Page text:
Saturday 26 May 2018

Hughes braced for onslaught as he hails Mayo role in Farney rise

Darren Hughes, Monaghan
Darren Hughes, Monaghan
Liam Kelly

Liam Kelly

MONAGHAN stalwart Darren Hughes remembers with fondness a 2013 challenge game against Mayo that proved crucial to his side's victory in the Ulster championship - but that's where the goodwill ends as the teams prepare to shape up in an important Allianz Football League match in Castlebar tomorrow.

But before addressing tomorrow's Division 1 encounter, Hughes recalled how the hardy men of Mayo did Monaghan a favour as they prepared for the Ulster final against Donegal in July 2013.

At the time, Malachy O'Rourke was in his first year as Monaghan manager and the Farney men had earned promotion from Division 3.

Impressive as that achievement was, Monaghan's first two Ulster championship opponents were Antrim and Cavan - also Division 3 teams.

Donegal, two-time Ulster champions and reigning All-Ireland title holders, awaited Monaghan in the final.

How good were Monaghan? Could they cope with the Donegal machine that was chasing a hat-trick of Anglo Celt Cup victories?

Plenty of questions, then, for the management and players prior to facing Mayo in a challenge game at Pearse Park, Longford, ten days before the Ulster final.

Hughes recalls: "There was always a fear factor there that Donegal could blow us out of the water because we hadn't come up against anything like that under Malachy's regime.

"Mayo were ideal opposition for us. They were a seasoned Division 1 team, and a seasoned championship team.

"We came away from Pearse Park that night and it instilled the confidence into us that the system we were going with was going to work, because Mayo found it hard to break us down.

"We always had enough up front to keep the scoreboard ticking so the over-riding thing we took away from that night was the confidence that we weren't that far away.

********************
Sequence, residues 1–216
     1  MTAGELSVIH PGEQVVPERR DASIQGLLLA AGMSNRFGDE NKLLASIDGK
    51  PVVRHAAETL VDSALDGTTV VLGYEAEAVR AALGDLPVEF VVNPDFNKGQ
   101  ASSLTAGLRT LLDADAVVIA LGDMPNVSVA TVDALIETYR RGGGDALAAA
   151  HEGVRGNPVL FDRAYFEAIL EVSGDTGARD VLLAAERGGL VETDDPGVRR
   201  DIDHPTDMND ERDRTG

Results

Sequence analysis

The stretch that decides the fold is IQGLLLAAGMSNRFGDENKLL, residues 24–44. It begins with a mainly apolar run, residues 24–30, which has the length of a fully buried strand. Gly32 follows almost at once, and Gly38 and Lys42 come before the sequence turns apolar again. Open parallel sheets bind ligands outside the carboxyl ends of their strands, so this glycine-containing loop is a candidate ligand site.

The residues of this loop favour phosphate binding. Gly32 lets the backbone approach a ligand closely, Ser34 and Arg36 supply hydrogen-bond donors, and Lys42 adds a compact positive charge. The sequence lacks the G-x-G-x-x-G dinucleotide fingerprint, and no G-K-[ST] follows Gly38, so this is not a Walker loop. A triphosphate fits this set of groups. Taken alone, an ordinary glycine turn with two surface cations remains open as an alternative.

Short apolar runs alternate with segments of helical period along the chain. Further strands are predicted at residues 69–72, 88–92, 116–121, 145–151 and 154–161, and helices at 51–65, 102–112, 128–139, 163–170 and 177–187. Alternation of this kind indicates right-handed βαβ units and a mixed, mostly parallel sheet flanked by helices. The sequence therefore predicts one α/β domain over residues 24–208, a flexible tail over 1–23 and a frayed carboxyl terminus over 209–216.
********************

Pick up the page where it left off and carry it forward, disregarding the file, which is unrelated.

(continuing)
"I know it was only a challenge match but it was probably one of the most important games so far in our learning curve."

The rest is history. A huge upset for Donegal, a first Ulster title since 1988 for Monaghan, and a new impetus for football in the Farney county.

Last year yielded the Division 2 title and an Ulster final, and Monaghan are geared up for major challenges in 2015.

They opened the league with an away win against Tyrone, but at home to Cork, they were caught on the line when Colm O'Neill's last-gasp point gave the Rebels a win that had looked unlikely.

"It was a tough one for us to take because we probably played better against Cork than we did against Tyrone," says Hughes.

"Cork just had that bit of quality and kept plugging away.

"We were four points up twice in the second half and we just couldn't shake them off. It showed us where we are. You're going to come up against quality opposition every week in this league, and you're going to have to play till the final whistle."

The Scotstown clubman missed the Cork match due to a calf strain. He hopes to be fit to face Mayo but can't take any chances.

"I never had one before. It's just taking longer than expected. It will be touch and go for Sunday," he says.

The two counties last played each other at Iniskeen in 2011, a game Monaghan won, but they still ended up being relegated from Division 1 that season.

"Mayo will be disappointed at losing to Tyrone after a great victory over Kerry," says Hughes.

"Mayo's management and players will want a response and we know what to expect."

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